"My whole focus now is this job," Hannemann offered.

For a state that depends so heavily on tourism, he said his comfort abroad, especially in the East, would come in handy.

"When I go to China, people look at me and they say 'Yao Ming'? And I go no, 'Yao Mufi.' I go to Japan, and I'm very comfortable singing karaoke," said Hannemann, adding that his last name is German.

In appealing to Hawaii's different ethnicities, Hannemann has found his base, but also political trouble. The former mayor sent out a much-discussed mailer that pointed out Abercrombie's lackluster voting record in Congress and lack of business and executive experience. But it also seemed to suggest Abercrombie was deficient for attending the University of Hawaii, whereas Hannemann graduated from Harvard, and listed Abercrombie's lone accomplishment as winning first place in the Lahaina Whaling Days Beard Contest.

Most explosive, though, was the information under the heading "personal." Hannemann made clear he was born in Hawaii and married a woman with a distinctly Japanese last name -- a major plus with the powerful Japanese voters. By contrast, Abercrombie was identified as a mainlander whose wife has a haole (or white) surname.

The flier backfired, turning into an effective talking point against Hannemann's character. "When you apply for a job, what do they ask? Name? Are you married? That's what it was! It was a job résumé," insisted Hannemann. When asked whether it was usual practice to ask whom a job applicant was married to, the candidate flashed his temper. "You list if you are married or not. Sometimes you put down the names. My wife's name is what it is. It was not meant to compare and contrast in a way that would make it look like anything was non-factual. It was factual. He has a wife and she is a good woman. My wife's a good woman. Let's just leave it at that and move on. What's your next question?"

Asked if it weren't relevant to the race, he said sharply: "Why are you asking me these questions? Ask me about Neil. The flier was just a small part of it, there are other things here. So let's move on!"

Since the "Compare and Decide" flier, a subsequent flier by a group called Island Values expressing suspicion of Abercrombie's religious credentials urged Christians to vote for Hannemann. Hannemann distanced himself from the material after it was widely distributed. It later emerged that an official of Island Values also belonged to Hannemann's exploratory campaign committee, though his name disappeared from the Hannemann campaign Web site after local reporters broke the story.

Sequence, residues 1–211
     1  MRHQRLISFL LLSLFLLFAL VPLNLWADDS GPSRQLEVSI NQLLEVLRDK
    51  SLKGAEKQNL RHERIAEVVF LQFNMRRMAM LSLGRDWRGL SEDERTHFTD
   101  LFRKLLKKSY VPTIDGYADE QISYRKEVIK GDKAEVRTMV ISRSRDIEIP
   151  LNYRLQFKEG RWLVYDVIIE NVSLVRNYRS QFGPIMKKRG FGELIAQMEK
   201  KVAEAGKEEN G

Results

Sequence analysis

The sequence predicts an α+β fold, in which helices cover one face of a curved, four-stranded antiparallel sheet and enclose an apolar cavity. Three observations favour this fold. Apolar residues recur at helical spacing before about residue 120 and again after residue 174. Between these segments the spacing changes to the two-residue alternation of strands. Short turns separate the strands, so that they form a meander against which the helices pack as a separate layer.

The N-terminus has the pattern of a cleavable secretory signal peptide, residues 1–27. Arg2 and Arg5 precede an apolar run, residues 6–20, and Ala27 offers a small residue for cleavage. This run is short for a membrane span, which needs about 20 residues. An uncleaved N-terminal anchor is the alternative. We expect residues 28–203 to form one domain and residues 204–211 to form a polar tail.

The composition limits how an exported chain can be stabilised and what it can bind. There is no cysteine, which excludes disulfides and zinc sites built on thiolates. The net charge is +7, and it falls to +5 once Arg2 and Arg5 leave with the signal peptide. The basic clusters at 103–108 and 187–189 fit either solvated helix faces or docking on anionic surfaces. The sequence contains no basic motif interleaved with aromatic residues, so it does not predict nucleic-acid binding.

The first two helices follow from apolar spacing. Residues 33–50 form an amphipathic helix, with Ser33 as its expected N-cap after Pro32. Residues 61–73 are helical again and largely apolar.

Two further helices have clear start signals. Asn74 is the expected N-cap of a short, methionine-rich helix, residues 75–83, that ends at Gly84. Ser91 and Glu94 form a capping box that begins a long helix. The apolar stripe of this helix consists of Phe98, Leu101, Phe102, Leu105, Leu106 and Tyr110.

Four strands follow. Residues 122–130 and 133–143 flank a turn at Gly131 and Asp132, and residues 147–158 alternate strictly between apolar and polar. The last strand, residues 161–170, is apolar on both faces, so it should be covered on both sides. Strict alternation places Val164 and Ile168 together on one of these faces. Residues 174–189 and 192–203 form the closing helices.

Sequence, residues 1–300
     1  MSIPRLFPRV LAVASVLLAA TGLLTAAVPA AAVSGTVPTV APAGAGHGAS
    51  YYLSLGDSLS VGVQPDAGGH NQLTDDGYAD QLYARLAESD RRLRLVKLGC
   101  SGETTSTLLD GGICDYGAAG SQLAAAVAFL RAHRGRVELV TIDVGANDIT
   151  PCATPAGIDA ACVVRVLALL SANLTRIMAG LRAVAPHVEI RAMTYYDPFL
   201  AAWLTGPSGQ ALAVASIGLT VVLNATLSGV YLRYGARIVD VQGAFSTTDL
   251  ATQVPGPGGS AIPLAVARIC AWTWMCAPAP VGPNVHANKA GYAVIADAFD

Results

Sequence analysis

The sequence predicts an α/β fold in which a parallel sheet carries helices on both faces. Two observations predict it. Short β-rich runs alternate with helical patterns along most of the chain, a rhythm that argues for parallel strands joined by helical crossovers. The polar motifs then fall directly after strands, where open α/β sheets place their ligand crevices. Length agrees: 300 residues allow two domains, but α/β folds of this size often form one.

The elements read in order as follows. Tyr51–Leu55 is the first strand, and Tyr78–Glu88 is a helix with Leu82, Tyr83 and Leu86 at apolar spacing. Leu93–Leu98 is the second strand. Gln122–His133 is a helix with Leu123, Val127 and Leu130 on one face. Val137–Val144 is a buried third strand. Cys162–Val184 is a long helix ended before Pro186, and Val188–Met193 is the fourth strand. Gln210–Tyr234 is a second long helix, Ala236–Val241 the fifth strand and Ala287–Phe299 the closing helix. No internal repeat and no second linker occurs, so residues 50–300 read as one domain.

Much like Abercrombie, Hannemann lights up when talking about Obama, and argued that "Neil doesn't have a monopoly on the relationship with President Obama."

During the Obamas' vacation to Hawaii early this year, Hannemann made national news by exchanging tense words with the president's staff when he and another city official were prevented from greeting Obama as he snorkeled at Hanauma Bay. Hannemann had already succeeded in getting into several pictures with Obama by showing up at the Honolulu Zoo and acting as their unsolicited tour guide.

"I knew him when his name was Barry," said Hannemann, explaining that he coached the basketball team at Iolani School, the rival of Obama's Punahou School. "When he was on the J.V., we did draw up defenses for him. Oh, yeah! He was a shooter -- a good shooter."

Hannemann, who is 6-foot-7, rose from his seat to charm a bunch of women celebrating a baby shower in the hotel cafe, and then marched onto the beach.

"Go get him, brother!" Kimo Chung, the hotel's 53-year-old waterman in a green hat and sunglasses, called out to Hannemann. The voter attested that he supported Hannemann for being, like him, a "local boy."

"You got it," answered Hannemann.

Negative campaign

On Sept. 7, Abercrombie and his wife, Nancie Caraway, arrived at Honolulu City Hall to cast early votes in the primary.

"I've got my Obama shoes on," she said, pointing at her red pumps. "I wore them on election night."

Sen. Inouye walked in, and Abercrombie's aide whispered in his boss's ear that it was the senator's birthday. As Inouye cast his vote, television reporters clamored around Abercrombie, who wore an orange Hawaiian shirt, and asked why the governor's race had become so venomous. The candidate used his answer to lament negative campaigning and depict himself as the high-minded candidate worthy of high office.

Abercrombie finished delivering his aloha talking points, reporters turned away, and Inouye sauntered into the scene.

"Happy birthday," Abercrombie told him.

"Thanks," said Inouye. "Best of luck."